Many board-to-board connectors are available in three different versions to meet the needs of a broad range of system designs. This article will discuss some of the considerations that are important to making the right connector technology choice for your design.
First, let’s address the obvious:
Backplanes nearly always use press fit connectors because:
- Thick backplanes can be damaged by the thermal excursion during either wave or SMT processes that can cause the layers in the board to heat unevenly, potentially breaking plated through holes.
To avoid thermal exposure nearly every connector you might use on your backplane is available with compliant press fit pins.
- Compliant press fit pins have formed features that create gas-tight joints by acting as springs pressing outward against the barrel of the plated through hole. The plated through holes used in backplanes must be tightly controlled with greater diametric precision than other boards. In addition, the aspect ratios (length of the plated through hole relative to the diameter of the drilled hole) tend to be high. Backplanes are generally procured from a specialized supplier.
Connectors can be pressed into the front of a backplane, into the rear, or both, with short compliant pins sharing a common hole. Because printed circuit boards (PCBs) in general have a ±10% thickness dimension, pressing short compliant pins into both sides eases system complexity by decoupling the tolerance set in front of the backplane from the tolerance set for boards or cables in the rear.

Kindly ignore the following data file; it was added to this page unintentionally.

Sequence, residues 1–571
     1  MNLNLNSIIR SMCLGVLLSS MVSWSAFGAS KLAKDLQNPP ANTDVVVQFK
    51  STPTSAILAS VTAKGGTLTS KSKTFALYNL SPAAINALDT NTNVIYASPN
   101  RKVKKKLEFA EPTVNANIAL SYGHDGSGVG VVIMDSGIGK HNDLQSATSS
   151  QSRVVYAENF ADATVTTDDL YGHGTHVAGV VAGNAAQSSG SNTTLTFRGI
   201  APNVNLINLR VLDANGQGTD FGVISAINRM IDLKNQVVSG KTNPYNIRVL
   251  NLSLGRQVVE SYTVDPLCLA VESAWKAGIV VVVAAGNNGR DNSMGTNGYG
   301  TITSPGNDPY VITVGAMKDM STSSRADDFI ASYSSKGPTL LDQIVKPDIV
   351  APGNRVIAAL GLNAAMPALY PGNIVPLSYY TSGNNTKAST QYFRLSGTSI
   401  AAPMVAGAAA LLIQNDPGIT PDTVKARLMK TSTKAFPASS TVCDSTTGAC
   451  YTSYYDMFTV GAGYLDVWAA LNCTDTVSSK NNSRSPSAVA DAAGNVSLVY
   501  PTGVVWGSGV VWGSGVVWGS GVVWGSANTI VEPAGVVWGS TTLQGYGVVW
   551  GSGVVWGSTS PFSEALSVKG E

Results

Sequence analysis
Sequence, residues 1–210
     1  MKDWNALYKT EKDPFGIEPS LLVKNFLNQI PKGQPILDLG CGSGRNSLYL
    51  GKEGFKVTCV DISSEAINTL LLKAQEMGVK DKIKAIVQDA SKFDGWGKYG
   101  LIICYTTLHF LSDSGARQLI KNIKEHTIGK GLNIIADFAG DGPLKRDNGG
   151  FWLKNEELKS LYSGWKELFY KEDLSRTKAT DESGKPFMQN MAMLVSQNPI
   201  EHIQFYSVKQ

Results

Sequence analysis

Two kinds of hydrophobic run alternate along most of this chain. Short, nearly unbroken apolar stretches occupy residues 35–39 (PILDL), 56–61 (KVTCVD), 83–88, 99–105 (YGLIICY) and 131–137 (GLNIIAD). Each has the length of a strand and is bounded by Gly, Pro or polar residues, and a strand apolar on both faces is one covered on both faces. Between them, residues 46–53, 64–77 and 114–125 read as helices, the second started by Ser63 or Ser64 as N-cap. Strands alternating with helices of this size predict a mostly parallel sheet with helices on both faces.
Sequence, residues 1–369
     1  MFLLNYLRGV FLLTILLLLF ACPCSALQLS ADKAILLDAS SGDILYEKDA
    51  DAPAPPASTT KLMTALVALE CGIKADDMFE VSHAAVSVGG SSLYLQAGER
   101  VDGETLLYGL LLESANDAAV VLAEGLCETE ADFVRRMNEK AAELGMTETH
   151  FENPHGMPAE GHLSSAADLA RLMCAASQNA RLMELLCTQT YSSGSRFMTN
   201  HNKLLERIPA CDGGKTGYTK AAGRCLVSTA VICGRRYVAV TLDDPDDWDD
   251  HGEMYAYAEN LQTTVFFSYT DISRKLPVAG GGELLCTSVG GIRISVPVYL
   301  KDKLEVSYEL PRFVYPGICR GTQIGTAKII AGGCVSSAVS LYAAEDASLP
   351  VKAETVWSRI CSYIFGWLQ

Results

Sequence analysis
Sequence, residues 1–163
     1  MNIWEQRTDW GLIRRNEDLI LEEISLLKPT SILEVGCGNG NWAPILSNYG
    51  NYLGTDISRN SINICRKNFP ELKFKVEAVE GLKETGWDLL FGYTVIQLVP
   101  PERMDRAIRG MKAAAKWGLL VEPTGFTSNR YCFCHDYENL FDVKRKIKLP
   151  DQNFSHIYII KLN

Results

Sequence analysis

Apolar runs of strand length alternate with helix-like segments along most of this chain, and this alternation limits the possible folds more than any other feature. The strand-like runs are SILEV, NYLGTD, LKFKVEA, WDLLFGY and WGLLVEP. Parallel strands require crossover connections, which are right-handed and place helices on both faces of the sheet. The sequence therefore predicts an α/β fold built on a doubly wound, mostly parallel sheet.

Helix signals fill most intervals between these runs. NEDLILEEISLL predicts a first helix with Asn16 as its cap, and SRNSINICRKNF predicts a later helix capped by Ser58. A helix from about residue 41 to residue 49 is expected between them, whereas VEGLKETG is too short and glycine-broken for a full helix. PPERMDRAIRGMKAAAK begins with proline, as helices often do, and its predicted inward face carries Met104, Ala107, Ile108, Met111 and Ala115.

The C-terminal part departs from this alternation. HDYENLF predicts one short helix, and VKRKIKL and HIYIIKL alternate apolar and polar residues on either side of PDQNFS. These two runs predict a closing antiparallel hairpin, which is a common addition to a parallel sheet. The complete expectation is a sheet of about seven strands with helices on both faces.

Boards that only see a wave solder process should use wave soldered connectors:
- Wave soldered joints remain the strongest possible solder joints.
- You do need to take care, however, that the portion of the tail protruding from the bottom of the board is the right length. Therefore, connector companies offer many different solder tail options for solder tail connectors. In general terms, choose a lead length that protrudes from the board at the maximum thickness range, and does not solder bridge to the adjacent lead on a board at the minimum thickness range. Do the math. Solder filets generally create a tent at 45° from the pin tip. Adjacent tents cannot touch.
Boards that are totally SMT:
- SMT connectors on SMT boards eliminte the need for additional operations, either press fit or wave.
- One- or two-row SMT connectors are normally quite production-friendly, with the solder tails exposed for easy soldering and inspection. Connectors with more than two rows have concealed solder joints that are difficult to inspect and repair. Multi-row SMT connectors will need a solder ball or solder charge combined with very well controlled solder profile to achieve high production yields. X-ray inspection may be required.
- Signal integrity can be excellent for both SMT connectors and press fit connectors using very small plated through holes.
- Sometimes it is possible to populate SMT components in the connector shadow on the other side of the board. Using a press fit connector usually wastes the space on the other side.
Press fit connectors on SMT boards also have their place:
Press fit connectors can be placed in the middle of an SMT board.
- Feed-through pins can enable stacking of multiple boards.
- Avoid issues with thermal mismatch for very large connectors.
- Create a strong right-angle connector interface that is less vulnerable to abuse during mating and unmating.
When choosing a connector technology, consider the production consequences of your choice as well as the signal integrity and mechanical robustness of your design.